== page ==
From our reading list: "Stone Mattress" by Canadian literary icon Margaret Atwood.
Look at the opening paragraphs. What happens to you as a reader as you move through them?
At the outset Verna had not intended to kill anyone. What she had in mind was a vacation, pure and simple. Take a breather, do some inner accounting, shed worn skin. The Arctic suits her: there’s something inherently calming in the vast cool sweeps of ice and rock and sea and sky, undisturbed by cities and highways and trees and the other distractions that clutter up the landscape to the south.How's that for anfirst few lines? Prolific suspense author Lee Child has a great essay in which he reveals the simple secret to getting readers to keep turning pages.
What is it?
Pose a question, and make the reader wait for the answer.
That's it. He makes the point that it doesn't even matter whether the reader is personally interested in that particular question: just not knowing will drive them crazy. In Atwood's story, the first line tells us Verna is going to kill someone. Now we want to know: Who? When? How? The next paragraph brings some clues:
Among the clutter she includes other people, and by other people she means men. She’s had enough of men for a while. She’s made an inner memo to renounce flirtations and any consequences that might result from them. She doesn’t need the cash, not anymore. She’s not extravagant or greedy, she tells herself: all she ever wanted was to be protected by layer upon layer of kind, soft, insulating money, so that nobody and nothing could get close enough to harm her. Surely she has at last achieved this modest goal.
But old habits die hard, and it’s not long before she’s casting an appraising eye over her fleece-clad fellow-travellers dithering with their wheely bags in the lobby of the first-night airport hotel. Passing over the women, she ear-tags the male members of the flock.
What do you pick up here? Do you think she has killed before? What clues do you get about the kind of person she is?
Look at this sentence, how many surprises it contains: "She's not extravagant or greedy, she tells herself: all she ever wanted was to be protected by layer upon layer of kind, soft, insulating money, so that nobody and nothing could get close enough to harm her. Surely she has at last achieved this modest goal."
She's not greedy . . . .but then we learn how much money she requires: "layer upon layer." That sounds like a lot. "So that nobody and nothing could get close enough to harm her." That actually sounds like an impossible amount of money. "Surely she has at last achieved this modest goal." And yet to her it seems only a "modest" accomplishment--she's accumulated all that money, and yet somehow, we sense, she's not quite satisfied.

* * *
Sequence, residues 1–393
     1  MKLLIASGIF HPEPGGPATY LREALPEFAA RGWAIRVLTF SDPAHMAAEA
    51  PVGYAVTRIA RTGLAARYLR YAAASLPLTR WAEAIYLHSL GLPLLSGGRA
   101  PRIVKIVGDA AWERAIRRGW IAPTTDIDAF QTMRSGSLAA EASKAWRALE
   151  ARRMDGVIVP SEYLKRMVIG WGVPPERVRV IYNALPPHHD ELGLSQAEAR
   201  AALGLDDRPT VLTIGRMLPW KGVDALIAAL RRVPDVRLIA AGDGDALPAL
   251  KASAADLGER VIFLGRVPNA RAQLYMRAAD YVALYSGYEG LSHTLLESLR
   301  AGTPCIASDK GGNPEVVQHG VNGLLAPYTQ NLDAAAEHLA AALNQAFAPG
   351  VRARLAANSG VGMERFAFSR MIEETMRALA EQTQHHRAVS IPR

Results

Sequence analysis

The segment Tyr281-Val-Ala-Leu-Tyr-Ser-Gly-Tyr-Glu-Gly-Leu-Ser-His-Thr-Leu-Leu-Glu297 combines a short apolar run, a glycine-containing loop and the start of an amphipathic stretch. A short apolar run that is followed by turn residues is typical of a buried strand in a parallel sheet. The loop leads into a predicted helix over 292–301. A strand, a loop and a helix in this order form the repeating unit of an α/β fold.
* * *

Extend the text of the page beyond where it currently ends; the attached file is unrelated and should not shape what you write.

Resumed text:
And oh my god, how did she do it . . . what does this have to do with the killing that's been mentioned, the flirtations? What's it beginning to suggest to you?
"But old habits die hard . . . she ear-tags the male members of the flock."
And now we're on the ride. She's a practiced predator: one of these men will be her prey. This alone would impel me through the story: Who will it be? How will she kill him?
But Atwood doesn't stop there: every paragraph offers a new surprising information about Verna: her methods, her motivation. When she runs into someone she recognizes, her past collides with the present. Sentence by sentence, paragraph by paragraph, this story plays with our expectations and raises the stakes at every turn.
Bonus: Notice the use of flashback here. Everyone hates flashback: it slows the story down, yet as writers, we often feel we need it to explain what's going on. We're constantly putting it in and cutting it out. But Atwood deploys it expertly. Pay attention to how she uses it to 1) tell a story with its own arc--with a question posed at the beginning, so we crave more flashback fragments to get the answer; and 2) contribute the building the stakes, the suspense in the present-time story of Verna on the ship.
Bonus Bonus: I just realized "Stone Mattress" has a twin in this story, which was assigned to me years ago by my favorite teacher at the Iowa Writers' Workshop, Deborah Eisenberg: "The Tattooer" by Jun'ichiro Tanizaki. Both are about sex and power, and reversals of power. The Tanizaki is spare and beautiful and catches fire at the end; the Atwood floors me with its mastery of craft. What's your response to these two stories?